Sun | Oct 22, 2017

EOJ says it is ready for Special Services voting

Published:Thursday | November 24, 2016 | 3:27 PM

The Electoral Office of Jamaica (EOJ) say that staff and polling station material are in place for Election Day Workers and members of the police and military forces to cast their votes on Friday.

It says preparations have been made to accommodate voting for the 38,877 special services electors ahead of the November 28 Local Government Elections. This group is made up of 10,196 police officers, 2,373 soldiers and 26,308 Election Day Workers.

Under the Representation of the People Act, provisions are made for these electors to vote three days before the rest of the population, to ensure that they are available for duty on Election Day.

Election Day Workers, military and police personnel who do not vote on Friday, November 25, will not be able to do so on November 28.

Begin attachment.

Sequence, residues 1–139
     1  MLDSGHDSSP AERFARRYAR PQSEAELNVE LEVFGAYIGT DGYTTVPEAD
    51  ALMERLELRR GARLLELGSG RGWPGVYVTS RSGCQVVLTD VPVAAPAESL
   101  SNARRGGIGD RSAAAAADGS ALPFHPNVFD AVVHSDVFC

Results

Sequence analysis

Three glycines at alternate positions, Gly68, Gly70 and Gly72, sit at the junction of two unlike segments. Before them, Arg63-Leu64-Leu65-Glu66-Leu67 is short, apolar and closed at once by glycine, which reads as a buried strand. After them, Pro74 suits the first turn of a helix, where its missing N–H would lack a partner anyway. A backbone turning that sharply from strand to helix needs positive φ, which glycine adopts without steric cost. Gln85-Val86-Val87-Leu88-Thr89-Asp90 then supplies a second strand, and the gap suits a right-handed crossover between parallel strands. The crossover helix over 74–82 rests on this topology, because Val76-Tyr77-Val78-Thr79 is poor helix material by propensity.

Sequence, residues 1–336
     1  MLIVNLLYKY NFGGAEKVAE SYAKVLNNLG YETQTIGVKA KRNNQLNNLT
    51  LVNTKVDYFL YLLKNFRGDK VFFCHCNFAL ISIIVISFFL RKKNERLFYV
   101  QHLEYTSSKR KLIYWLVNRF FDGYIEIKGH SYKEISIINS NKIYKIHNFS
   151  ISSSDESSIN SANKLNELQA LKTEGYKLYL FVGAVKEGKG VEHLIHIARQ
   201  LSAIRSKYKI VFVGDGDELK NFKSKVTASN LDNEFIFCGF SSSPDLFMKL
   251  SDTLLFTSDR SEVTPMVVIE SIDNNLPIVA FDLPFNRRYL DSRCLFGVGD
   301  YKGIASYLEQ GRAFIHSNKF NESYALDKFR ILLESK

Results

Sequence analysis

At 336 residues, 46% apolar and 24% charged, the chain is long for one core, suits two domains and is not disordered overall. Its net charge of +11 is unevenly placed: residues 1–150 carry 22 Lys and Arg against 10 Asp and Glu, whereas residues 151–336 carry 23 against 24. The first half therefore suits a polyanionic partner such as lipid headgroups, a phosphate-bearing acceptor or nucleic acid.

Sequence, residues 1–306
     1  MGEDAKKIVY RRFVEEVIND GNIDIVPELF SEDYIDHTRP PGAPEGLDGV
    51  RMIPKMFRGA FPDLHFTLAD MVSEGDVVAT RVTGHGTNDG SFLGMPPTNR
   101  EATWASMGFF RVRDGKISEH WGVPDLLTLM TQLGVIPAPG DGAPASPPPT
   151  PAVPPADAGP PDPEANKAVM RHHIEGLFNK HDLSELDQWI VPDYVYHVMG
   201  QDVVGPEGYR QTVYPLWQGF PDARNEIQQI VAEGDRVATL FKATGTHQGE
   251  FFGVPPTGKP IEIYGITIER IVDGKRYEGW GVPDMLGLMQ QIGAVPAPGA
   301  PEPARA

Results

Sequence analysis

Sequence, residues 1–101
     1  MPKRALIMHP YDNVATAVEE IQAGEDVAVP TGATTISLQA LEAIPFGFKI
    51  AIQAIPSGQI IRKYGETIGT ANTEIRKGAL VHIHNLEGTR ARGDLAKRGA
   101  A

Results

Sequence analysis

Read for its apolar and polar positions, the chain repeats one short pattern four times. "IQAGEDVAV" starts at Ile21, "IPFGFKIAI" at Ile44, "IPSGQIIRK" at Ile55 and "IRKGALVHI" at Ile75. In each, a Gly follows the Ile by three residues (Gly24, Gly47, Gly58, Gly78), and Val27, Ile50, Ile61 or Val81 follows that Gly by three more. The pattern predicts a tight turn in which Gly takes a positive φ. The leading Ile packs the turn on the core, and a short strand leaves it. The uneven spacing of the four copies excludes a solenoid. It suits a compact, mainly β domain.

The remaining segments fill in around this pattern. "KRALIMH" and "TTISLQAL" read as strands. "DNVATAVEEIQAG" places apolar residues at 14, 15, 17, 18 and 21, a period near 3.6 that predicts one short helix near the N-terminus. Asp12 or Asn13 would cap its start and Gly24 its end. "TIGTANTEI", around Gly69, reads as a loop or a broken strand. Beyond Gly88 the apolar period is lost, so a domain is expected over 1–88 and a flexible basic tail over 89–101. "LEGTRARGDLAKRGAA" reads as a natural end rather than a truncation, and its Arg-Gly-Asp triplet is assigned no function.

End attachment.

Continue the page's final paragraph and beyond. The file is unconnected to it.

The EOJ says this is because their names have been extracted from the Voters’ List to accommodate the November 25 voting and therefore will not be on the civilian list used on November 28.

The Electoral Office of Jamaica (EOJ) has set up 230 designated locations to facilitate voting on the day.

The locations and polling stations have been allocated as follows:

· six polling locations (18 polling stations) for military voting;

· 21 polling locations (74 polling stations) for the police; 

· 203 polling locations (237 polling stations) for Election Day Workers.

The list of polling locations includes schools, churches, police stations, court houses and military bases.

Police and military personnel have been assigned to vote at the voting location closest to where they are based or stationed. The ballots will later be sorted and transferred to the respective Returning Officers to be counted on November 28.

The EOJ has worked closely with the Jamaica Constabulary Force and Jamaica Defence Force to ensure that the lists for police and military voters were prepared in time. Election Day Workers have been notified of their voting day through phone calls, text messages and via the media.

Polling hours are from 8 a.m. to 4 p.m. committed to protecting rights, Holness tells Amnesty International.